Wyden, Crapo: Fix Wildfire Funding Before It’s Too Late
Senators Offer Bipartisan Amendment to Finally End Fire Transfers and Fund Wildfires Like Other Natural Disasters
Washington, D.C. – Senator Ron Wyden, D-Ore., and Senator Mike Crapo, R-Idaho, took to the Senate floor last night to renew their bipartisan call for a permanent fix to wildfire funding, and to end the senseless practice of raiding fire prevention and other Forest Service accounts just to fight this year’s fires.
Wyden and Crapo introduced an amendment to the energy bill currently on the Senate floor that would end fire borrowing for good, stop the erosion of the Forest Service budget and ramp up fire prevention projects, thereby reducing wildfire risks and fire suppression costs.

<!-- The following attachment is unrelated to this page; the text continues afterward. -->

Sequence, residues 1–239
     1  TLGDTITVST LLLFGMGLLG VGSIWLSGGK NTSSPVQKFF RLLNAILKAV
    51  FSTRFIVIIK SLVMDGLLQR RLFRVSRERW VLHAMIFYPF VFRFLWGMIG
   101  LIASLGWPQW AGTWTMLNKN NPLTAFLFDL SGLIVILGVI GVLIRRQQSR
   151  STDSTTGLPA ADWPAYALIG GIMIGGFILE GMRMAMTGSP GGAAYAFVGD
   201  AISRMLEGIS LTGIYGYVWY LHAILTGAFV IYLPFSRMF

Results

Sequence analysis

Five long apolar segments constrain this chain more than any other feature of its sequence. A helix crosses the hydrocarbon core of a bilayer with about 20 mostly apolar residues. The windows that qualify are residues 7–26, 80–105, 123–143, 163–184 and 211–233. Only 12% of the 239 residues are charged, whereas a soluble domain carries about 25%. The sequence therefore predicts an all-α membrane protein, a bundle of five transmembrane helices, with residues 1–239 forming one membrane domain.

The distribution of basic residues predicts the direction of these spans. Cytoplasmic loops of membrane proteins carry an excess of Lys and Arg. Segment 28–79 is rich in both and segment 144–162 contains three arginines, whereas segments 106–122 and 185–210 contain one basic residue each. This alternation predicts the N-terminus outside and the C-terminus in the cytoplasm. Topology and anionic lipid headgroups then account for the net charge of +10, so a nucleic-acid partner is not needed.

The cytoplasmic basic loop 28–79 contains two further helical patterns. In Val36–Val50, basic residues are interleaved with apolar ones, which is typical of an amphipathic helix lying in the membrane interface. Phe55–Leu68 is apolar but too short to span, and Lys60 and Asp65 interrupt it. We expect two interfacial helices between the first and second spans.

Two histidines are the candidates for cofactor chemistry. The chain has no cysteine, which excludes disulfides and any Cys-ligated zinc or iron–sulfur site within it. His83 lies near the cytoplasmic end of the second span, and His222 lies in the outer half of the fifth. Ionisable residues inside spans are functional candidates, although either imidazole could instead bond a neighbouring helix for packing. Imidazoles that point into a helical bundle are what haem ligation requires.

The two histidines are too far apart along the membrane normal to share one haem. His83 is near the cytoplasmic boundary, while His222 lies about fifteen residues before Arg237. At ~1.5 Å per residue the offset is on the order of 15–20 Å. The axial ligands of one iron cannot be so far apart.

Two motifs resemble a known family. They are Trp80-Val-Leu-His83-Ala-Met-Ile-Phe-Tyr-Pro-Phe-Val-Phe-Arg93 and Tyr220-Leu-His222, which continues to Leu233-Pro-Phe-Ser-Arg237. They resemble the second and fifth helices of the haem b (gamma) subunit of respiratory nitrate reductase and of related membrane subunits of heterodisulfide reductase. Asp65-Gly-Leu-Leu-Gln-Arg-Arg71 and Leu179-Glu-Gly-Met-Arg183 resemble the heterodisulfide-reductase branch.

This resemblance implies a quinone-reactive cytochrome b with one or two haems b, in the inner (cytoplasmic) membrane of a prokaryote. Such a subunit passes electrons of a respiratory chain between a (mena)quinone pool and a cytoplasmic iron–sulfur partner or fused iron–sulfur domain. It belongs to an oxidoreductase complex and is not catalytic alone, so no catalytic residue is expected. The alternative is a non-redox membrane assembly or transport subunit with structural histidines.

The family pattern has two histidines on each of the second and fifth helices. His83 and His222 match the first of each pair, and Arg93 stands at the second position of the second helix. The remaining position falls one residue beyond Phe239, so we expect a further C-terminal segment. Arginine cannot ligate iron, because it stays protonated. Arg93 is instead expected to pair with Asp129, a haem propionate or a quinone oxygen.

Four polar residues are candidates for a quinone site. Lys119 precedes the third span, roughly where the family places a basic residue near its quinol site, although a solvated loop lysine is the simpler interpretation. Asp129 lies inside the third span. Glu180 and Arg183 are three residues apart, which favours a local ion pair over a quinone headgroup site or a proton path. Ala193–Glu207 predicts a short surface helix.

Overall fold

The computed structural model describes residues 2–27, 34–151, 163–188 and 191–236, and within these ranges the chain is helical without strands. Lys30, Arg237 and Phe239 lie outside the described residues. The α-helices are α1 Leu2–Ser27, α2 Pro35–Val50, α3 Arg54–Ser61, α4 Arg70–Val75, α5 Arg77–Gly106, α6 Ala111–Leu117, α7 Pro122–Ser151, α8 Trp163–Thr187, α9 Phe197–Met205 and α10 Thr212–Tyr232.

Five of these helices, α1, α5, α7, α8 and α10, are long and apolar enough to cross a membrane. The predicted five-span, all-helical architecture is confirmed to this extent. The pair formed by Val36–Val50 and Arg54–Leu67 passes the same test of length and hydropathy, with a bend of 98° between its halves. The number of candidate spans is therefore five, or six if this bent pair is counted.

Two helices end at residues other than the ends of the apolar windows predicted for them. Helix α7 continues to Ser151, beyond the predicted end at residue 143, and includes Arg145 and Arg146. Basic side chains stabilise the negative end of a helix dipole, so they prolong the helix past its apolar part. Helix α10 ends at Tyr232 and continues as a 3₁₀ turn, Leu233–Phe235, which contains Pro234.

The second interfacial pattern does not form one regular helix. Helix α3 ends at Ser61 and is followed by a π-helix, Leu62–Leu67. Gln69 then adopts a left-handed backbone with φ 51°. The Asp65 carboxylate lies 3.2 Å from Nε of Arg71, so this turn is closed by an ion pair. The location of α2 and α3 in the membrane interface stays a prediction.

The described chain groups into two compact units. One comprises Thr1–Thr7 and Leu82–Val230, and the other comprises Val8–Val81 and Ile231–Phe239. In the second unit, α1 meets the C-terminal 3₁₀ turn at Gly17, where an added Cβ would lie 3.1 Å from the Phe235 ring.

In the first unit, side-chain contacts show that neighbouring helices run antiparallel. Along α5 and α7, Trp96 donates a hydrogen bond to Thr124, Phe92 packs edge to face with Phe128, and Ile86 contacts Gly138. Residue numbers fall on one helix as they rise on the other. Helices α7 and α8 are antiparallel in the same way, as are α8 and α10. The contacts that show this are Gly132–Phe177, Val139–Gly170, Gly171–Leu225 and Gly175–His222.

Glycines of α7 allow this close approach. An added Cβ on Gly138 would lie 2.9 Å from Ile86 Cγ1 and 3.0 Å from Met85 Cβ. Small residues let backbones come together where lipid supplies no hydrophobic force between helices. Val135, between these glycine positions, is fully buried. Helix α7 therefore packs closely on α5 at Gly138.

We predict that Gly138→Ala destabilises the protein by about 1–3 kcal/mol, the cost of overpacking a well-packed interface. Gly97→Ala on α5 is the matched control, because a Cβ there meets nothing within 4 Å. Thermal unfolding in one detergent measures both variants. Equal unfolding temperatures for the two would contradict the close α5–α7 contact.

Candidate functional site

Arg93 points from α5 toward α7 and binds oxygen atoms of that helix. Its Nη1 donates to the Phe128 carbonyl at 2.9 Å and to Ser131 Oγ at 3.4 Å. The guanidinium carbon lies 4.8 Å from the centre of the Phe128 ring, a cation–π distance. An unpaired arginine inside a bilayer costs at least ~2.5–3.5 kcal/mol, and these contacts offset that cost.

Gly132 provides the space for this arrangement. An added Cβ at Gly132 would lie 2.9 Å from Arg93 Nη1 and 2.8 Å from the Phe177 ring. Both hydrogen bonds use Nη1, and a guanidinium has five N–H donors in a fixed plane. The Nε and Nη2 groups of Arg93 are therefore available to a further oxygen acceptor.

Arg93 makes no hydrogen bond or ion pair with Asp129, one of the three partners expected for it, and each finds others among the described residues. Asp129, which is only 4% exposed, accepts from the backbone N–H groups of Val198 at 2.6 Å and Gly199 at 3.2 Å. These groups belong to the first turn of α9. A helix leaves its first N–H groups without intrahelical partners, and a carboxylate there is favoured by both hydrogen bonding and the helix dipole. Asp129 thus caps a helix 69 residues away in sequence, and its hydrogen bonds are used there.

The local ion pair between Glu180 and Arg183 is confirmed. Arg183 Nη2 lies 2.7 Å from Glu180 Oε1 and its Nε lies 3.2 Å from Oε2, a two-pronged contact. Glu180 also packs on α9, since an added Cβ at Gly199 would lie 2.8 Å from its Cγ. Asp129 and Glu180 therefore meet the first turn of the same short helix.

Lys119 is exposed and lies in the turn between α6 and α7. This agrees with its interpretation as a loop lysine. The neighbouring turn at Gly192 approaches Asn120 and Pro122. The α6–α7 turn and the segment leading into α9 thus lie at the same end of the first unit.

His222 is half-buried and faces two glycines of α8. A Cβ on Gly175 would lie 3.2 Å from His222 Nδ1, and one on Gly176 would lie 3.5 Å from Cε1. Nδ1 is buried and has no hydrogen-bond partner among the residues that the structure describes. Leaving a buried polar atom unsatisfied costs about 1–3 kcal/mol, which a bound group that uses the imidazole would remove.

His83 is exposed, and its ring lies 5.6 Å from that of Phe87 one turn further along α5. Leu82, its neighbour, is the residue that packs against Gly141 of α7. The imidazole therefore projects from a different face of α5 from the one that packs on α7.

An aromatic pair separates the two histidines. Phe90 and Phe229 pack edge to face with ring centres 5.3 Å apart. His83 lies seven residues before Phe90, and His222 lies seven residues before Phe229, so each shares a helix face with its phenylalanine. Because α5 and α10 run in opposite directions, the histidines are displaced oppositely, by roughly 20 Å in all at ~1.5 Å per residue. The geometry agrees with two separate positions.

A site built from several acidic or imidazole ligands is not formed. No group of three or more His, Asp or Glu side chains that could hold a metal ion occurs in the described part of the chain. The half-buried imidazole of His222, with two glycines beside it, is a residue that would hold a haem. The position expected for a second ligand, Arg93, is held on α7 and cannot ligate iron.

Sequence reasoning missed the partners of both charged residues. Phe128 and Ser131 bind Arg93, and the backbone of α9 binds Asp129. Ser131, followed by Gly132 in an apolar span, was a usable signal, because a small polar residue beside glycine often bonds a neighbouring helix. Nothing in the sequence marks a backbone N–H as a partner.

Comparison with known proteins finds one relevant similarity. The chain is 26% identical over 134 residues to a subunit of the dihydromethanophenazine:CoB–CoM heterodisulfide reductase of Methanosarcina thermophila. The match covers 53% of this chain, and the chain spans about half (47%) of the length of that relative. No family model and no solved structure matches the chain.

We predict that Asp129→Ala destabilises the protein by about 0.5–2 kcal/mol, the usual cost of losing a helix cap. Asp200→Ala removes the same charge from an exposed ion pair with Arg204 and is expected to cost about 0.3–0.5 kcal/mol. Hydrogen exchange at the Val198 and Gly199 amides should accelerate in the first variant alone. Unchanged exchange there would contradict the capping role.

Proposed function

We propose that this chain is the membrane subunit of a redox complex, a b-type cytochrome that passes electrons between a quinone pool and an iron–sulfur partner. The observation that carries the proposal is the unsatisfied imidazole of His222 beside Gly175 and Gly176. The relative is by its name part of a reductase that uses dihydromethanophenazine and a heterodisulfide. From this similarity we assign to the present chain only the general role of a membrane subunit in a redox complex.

“Fire borrowing doesn’t just threaten fire prevention and suppression – it’s budgetary quicksand that is dragging down every program at the Forest Service: timber sales, stream restoration, trail maintenance, recreation and others,” Wyden said.
“We know that disaster-scale wildfires are going to continue to be a threat. We can better prepare for the increasing costs of wildland fire suppression by providing land managers and fire fighters the certainty needed to plan and allocate resources properly without robbing from other priorities during each fire season,” said Crapo.
Wyden and Crapo worked with lawmakers from both parties and from both the House and Senate to forge the amendment, which is a compromise proposal that updates their Wildfire Disaster Funding Act. That bill has support from 21 cosponsors in the Senate, 145 cosponsors in the House and more than 250 groups representing hunters and fishers, timber companies and conservationists. Although a spending bill passed in December increased fire funding for one year, it still leaves agencies vulnerable to fire transfers, does not solve the problem long term, and does little to hold down-long term firefighting costs.
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